Last month’s flood in the Hawkesbury-Nepean River region of western Sydney peaked at a staggering 12.9 metres, with water engulfing road signs and reaching the tops of many houses.
There hasn’t been a major flood on the Hawkesbury-Nepean for more than 30 years, with the last comparable one occurring in 1990. Long-term Sydneysiders, however, will remember that 12 major floods occurred during the 40 years before 1990. Five of these were larger than last month’s flood.
So what’s going on? The long-term rainfall pattern in the region and corresponding river flow is cyclic in nature. This means 40 to 50 years of dry weather with infrequent small floods are followed by 40 to 50 years of wet weather with frequent major floods.
As river and floodplain residents take stock of the recent damage to their homes and plan necessary repairs, it’s vital they recognise more floods are on the way. Large, frequent floods can be expected to occur again within 10 or 20 years if — as expected — the historical pattern of rainfall and flooding repeats itself.
Many of the 18,000 people who were evacuated live in and around a region known as the “Sackville Bathtub”. As the name suggests, this flat, low-lying section of the floodplain region was spectacularly affected.
The Sackville Bathtub is located between Richmond and Sackville. It’s part of the Cumberland Plain area of Western Sydney and formed very slowly over 100 million years due to plate tectonic processes. The bathtub’s mudstone rock layers are folded into a broad, shallow, basin-shaped depression, which is surrounded by steep terrain.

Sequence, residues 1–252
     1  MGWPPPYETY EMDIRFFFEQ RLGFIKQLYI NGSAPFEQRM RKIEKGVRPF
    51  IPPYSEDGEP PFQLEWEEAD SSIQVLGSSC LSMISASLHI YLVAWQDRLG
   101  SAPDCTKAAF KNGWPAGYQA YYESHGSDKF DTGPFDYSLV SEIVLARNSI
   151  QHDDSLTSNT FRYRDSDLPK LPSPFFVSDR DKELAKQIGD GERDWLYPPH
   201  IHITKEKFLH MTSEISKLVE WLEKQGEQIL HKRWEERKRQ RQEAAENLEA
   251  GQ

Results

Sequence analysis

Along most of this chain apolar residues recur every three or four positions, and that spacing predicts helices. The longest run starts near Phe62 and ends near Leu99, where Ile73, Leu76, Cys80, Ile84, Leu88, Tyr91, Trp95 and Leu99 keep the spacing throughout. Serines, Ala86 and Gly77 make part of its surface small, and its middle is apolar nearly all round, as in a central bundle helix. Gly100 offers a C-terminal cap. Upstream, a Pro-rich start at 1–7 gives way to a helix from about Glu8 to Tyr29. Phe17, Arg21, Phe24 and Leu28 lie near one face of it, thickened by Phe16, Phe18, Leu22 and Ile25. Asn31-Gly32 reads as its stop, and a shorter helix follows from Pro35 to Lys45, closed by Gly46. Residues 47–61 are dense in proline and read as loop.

Downstream of Sackville, the Hawkesbury-Nepean River flows through sandstone gorges and narrows in width. This creates a pinch-point that partially blocks the river channel.
Just as a bath plug sitting half-way over a plughole slows an emptying bath, the Sackville pinch-point causes the bathtub to fill during floods.
The NSW state government is planning to raise the wall of the Warragamba Dam to help mitigate catastrophic floods in the region. But this may not be an effective solution.
Typically, somewhere between 40% and 60% of the floodwater that fills up the Sackville Bathtub comes from unimpeded, non-Warragamba sources. So, when the Hawkesbury-Nepean River floods, the bathtub is already quite full and causing significant problems before Warragamba begins to spill. The Warragamba water then raises the flood level, but often by only a couple of metres.
Raising Warragamba Dam’s wall as a mitigation measure will only control about half the floodwater, and won’t prevent major floods delivered by the Nepean and Grose rivers, which also feed into the region. This represents a small potential benefit for a very large cost.
The idea of drought-dominated and flood-dominated periods for the Hawkesbury-Nepean River system was proposed in the mid-1970s by the University of Sydney’s Robin Warner. Since the late 1990’s, it hasn’t been the focus of much research.